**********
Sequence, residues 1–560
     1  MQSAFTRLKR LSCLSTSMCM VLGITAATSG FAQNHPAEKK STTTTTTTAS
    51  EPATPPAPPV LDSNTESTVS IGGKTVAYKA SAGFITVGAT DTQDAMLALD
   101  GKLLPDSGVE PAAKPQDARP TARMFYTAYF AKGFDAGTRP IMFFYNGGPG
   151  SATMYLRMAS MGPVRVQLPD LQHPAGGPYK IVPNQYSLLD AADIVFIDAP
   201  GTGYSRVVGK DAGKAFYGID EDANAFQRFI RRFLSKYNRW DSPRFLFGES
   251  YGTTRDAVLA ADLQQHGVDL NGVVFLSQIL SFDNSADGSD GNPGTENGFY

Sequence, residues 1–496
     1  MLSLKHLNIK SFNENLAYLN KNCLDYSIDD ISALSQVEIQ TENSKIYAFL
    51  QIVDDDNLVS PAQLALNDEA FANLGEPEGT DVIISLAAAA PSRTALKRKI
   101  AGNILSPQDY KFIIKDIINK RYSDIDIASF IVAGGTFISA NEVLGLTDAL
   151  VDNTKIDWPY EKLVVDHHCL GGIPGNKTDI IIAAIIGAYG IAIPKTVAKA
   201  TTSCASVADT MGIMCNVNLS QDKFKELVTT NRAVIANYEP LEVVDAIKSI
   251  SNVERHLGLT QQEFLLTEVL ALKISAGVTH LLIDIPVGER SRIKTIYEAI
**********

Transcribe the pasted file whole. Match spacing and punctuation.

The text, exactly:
Sequence, residues 1–560
     1  MQSAFTRLKR LSCLSTSMCM VLGITAATSG FAQNHPAEKK STTTTTTTAS
    51  EPATPPAPPV LDSNTESTVS IGGKTVAYKA SAGFITVGAT DTQDAMLALD
   101  GKLLPDSGVE PAAKPQDARP TARMFYTAYF AKGFDAGTRP IMFFYNGGPG
   151  SATMYLRMAS MGPVRVQLPD LQHPAGGPYK IVPNQYSLLD AADIVFIDAP
   201  GTGYSRVVGK DAGKAFYGID EDANAFQRFI RRFLSKYNRW DSPRFLFGES
   251  YGTTRDAVLA ADLQQHGVDL NGVVFLSQIL SFDNSADGSD GNPGTENGFY

Sequence, residues 1–496
     1  MLSLKHLNIK SFNENLAYLN KNCLDYSIDD ISALSQVEIQ TENSKIYAFL
    51  QIVDDDNLVS PAQLALNDEA FANLGEPEGT DVIISLAAAA PSRTALKRKI
   101  AGNILSPQDY KFIIKDIINK RYSDIDIASF IVAGGTFISA NEVLGLTDAL
   151  VDNTKIDWPY EKLVVDHHCL GGIPGNKTDI IIAAIIGAYG IAIPKTVAKA
   201  TTSCASVADT MGIMCNVNLS QDKFKELVTT NRAVIANYEP LEVVDAIKSI
   251  SNVERHLGLT QQEFLLTEVL ALKISAGVTH LLIDIPVGER SRIKTIYEAI